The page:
In the prefabs behind the doctor's surgery where we lived there was a woman called Violet. Life had not been easy for her. Struck down with polio when she was 21, she lived the rest of her long life walking on two sticks, her legs encased in callipers. Yet she allowed her suffering and pain to teach her about compassion, love, acceptance and understanding. This taught her what real humanity was about. There was within her an ability to accept, to love and to cherish and those who met her discovered that.
She was 87 when she died and just the day before she died, I took my six-year-old niece to see her. Cathy scrambled on to her lap and said: "'Stebby', tell me a story." Violet began to tell the story of the toy rabbit who wanted to know what it meant to be real. As she told the story I realised that I was looking at someone very real, very human and very holy.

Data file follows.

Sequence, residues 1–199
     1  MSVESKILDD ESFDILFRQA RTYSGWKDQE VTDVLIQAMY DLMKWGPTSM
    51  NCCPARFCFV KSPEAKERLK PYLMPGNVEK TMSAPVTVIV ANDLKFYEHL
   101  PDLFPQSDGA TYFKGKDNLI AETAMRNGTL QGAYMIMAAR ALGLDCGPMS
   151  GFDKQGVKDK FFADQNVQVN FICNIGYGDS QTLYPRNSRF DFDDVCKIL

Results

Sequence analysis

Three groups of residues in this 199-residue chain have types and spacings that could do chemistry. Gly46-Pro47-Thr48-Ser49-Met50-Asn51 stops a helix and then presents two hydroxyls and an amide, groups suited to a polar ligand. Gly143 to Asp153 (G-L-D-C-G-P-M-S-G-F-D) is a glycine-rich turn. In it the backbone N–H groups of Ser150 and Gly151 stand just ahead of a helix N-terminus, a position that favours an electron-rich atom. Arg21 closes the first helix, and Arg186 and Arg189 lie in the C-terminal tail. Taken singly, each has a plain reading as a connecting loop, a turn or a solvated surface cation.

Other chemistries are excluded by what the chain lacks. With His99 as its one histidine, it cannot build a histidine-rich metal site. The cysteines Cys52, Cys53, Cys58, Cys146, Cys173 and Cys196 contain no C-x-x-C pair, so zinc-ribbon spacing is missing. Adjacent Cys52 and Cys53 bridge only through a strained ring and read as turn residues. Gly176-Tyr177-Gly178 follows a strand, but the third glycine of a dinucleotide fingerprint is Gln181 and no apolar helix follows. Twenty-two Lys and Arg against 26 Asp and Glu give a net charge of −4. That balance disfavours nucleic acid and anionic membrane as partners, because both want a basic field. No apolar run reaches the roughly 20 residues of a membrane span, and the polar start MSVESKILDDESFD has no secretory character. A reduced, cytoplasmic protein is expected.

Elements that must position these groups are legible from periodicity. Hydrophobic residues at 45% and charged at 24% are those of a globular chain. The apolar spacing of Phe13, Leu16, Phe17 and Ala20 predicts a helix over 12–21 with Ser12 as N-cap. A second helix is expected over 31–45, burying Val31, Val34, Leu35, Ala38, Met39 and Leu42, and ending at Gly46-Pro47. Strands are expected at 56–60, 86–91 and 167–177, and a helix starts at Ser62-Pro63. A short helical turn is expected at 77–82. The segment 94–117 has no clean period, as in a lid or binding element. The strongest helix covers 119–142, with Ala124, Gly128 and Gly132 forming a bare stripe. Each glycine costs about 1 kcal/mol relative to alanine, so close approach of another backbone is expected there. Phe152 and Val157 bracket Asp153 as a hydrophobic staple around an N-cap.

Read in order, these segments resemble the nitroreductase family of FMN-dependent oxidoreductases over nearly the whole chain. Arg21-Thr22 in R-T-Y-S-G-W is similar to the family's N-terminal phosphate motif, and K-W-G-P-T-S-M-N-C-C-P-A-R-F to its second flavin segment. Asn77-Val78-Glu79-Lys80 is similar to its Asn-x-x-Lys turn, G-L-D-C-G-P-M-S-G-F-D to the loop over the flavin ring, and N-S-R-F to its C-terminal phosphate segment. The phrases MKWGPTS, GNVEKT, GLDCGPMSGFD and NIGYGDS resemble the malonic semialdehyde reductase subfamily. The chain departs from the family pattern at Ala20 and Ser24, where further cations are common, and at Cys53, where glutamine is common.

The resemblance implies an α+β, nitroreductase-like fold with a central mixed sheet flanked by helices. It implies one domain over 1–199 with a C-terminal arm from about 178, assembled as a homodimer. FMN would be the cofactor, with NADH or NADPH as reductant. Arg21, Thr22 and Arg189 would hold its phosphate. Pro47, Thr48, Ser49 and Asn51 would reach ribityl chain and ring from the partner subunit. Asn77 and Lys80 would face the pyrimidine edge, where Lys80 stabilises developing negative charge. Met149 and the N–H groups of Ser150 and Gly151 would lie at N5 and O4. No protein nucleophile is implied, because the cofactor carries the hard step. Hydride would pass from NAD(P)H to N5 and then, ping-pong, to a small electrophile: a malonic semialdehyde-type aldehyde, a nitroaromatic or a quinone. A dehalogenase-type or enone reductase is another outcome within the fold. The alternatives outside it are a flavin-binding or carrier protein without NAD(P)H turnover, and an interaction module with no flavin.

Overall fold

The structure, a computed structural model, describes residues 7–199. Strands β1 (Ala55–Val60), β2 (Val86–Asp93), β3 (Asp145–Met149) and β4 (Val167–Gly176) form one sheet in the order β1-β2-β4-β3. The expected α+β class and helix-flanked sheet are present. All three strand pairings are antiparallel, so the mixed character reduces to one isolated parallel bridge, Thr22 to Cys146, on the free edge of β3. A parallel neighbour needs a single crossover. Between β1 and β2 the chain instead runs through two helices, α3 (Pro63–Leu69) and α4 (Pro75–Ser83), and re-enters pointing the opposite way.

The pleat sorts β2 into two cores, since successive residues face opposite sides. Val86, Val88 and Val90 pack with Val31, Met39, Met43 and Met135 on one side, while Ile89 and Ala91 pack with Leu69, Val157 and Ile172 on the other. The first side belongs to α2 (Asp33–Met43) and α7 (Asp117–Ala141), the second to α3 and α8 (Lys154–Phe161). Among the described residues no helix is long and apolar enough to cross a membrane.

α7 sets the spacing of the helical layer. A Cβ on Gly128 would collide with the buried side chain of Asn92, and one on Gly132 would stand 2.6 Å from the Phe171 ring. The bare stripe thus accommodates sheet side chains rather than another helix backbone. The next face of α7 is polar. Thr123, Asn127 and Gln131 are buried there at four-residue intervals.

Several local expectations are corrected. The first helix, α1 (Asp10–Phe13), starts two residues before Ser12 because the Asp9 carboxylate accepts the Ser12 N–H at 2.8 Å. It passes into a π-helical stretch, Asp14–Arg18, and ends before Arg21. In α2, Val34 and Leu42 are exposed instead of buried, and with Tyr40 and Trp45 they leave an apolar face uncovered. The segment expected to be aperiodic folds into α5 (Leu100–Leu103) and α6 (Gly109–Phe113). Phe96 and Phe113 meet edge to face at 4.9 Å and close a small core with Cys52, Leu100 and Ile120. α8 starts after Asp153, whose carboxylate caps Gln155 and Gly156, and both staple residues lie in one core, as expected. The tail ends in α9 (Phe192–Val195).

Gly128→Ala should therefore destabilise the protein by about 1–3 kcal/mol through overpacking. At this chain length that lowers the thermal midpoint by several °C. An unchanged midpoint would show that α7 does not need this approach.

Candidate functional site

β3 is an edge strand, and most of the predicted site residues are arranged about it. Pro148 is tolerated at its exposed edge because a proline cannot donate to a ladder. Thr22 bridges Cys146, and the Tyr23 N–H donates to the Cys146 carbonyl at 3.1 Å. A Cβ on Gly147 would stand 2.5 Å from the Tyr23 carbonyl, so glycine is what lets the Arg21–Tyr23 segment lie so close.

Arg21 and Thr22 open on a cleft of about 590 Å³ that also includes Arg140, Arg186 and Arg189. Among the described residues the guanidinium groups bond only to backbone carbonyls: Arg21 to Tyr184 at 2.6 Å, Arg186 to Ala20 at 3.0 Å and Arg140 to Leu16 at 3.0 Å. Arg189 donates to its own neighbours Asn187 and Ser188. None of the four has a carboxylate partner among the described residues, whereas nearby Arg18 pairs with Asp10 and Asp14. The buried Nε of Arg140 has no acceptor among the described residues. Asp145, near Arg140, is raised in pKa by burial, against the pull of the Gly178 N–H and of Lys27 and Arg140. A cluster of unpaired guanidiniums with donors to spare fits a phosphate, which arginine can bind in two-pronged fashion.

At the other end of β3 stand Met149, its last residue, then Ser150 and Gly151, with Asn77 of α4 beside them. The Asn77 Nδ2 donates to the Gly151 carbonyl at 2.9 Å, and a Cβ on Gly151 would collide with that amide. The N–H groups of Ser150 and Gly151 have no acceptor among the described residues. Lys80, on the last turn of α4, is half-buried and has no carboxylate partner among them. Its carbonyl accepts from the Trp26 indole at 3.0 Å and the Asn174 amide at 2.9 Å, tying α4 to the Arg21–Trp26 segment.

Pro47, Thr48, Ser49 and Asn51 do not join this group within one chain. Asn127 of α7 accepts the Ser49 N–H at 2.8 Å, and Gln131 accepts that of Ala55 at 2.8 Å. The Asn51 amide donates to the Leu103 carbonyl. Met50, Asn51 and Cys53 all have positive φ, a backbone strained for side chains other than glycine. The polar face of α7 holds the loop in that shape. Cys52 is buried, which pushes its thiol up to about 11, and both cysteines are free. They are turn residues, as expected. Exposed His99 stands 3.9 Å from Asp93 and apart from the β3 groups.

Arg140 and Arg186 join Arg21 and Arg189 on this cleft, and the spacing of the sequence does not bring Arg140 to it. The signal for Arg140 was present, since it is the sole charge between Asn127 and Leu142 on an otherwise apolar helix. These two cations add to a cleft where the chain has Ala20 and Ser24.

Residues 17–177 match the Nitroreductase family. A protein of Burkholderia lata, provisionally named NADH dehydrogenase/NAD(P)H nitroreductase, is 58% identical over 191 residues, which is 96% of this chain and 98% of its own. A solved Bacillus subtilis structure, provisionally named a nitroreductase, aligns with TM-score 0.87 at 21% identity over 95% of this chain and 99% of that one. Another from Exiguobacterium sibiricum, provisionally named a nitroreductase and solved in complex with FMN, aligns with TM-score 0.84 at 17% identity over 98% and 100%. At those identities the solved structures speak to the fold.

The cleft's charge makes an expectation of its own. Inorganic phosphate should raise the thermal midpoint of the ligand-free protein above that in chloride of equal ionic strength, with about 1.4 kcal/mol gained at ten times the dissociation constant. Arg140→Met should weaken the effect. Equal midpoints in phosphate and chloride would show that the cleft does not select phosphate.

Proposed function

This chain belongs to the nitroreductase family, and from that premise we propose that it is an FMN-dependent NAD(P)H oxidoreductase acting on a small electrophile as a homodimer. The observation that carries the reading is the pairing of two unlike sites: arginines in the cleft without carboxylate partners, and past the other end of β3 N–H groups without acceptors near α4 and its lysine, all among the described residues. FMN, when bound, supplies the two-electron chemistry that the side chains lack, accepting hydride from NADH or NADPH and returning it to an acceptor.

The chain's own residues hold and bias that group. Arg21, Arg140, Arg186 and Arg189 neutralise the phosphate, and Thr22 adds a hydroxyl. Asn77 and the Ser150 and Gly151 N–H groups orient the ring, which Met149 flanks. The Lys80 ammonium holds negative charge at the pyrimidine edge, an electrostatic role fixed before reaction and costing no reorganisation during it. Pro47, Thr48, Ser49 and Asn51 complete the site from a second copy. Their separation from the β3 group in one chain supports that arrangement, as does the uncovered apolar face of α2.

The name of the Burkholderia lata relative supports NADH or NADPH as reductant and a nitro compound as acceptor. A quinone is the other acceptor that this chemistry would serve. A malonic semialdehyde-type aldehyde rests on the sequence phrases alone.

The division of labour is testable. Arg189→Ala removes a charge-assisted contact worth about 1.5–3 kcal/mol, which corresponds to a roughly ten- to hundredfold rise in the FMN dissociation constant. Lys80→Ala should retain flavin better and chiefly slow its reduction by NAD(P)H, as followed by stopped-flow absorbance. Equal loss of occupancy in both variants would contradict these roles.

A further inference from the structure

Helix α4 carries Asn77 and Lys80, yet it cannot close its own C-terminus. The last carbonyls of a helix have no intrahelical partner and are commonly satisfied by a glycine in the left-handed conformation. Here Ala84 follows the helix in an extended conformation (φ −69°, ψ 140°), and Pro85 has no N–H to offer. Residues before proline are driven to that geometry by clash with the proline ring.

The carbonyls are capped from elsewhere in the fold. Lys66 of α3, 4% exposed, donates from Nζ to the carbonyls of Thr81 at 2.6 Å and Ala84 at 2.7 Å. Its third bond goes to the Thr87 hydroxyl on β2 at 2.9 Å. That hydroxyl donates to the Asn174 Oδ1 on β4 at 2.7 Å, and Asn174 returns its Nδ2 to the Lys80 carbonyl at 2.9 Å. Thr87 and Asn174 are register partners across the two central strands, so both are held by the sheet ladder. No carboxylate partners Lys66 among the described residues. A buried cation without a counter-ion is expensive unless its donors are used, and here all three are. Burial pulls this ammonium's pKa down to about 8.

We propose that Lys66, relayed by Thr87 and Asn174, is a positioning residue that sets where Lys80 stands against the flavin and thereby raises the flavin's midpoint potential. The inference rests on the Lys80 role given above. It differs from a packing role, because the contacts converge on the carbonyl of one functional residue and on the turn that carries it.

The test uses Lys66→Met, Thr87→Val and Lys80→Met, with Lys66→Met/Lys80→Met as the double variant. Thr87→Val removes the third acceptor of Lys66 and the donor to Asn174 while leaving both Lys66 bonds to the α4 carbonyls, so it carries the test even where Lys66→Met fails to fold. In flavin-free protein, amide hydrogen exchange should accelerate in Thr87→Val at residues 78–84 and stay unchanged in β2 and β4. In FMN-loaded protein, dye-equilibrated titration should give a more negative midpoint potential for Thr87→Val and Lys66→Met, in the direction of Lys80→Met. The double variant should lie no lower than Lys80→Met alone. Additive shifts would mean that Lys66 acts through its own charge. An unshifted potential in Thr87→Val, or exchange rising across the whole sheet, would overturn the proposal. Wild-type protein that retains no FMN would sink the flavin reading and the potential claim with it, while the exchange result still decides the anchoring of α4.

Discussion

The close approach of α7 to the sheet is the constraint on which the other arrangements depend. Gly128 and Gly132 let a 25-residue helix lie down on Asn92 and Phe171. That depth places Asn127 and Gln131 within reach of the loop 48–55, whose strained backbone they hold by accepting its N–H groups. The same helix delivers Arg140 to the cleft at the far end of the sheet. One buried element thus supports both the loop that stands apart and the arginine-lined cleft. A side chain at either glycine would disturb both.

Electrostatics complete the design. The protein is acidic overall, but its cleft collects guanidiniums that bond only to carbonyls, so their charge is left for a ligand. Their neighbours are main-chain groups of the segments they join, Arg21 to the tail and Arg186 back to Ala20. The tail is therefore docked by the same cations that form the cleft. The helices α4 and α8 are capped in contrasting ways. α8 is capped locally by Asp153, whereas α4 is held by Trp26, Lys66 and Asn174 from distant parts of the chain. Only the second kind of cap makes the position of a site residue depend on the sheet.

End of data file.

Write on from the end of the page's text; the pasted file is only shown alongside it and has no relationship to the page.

I think for too long our pursuit of what we see as holiness has, for many, stopped us becoming fully rounded human beings. Holiness has been misunderstood as an invitation to be pious and prudish and often miserable rather than a gateway into life. I don’t want to be holy if holiness means condescension and condemnation towards and of others. I don’t want to be holy if it means looking over my shoulder for a God who is waiting to trip me up. I don’t want the sort of holiness that sees life as an endurance test to go through in order to experience heaven.
The Gospel for me is primarily God’s way of enabling me to understand what it means to be alive. We are to live in the present moment understanding what it means to be intimately involved with God and with our brothers and sisters, living lives of love and service.
What is it that you have to let go of in order to live life? What is it you need to bring to the Lord to understand a little more fully what it means to be human and alive? What is your security? What is your bondage? What is your pain? In a sense the Lord is saying to each of us 'Let it go' – and begin to live.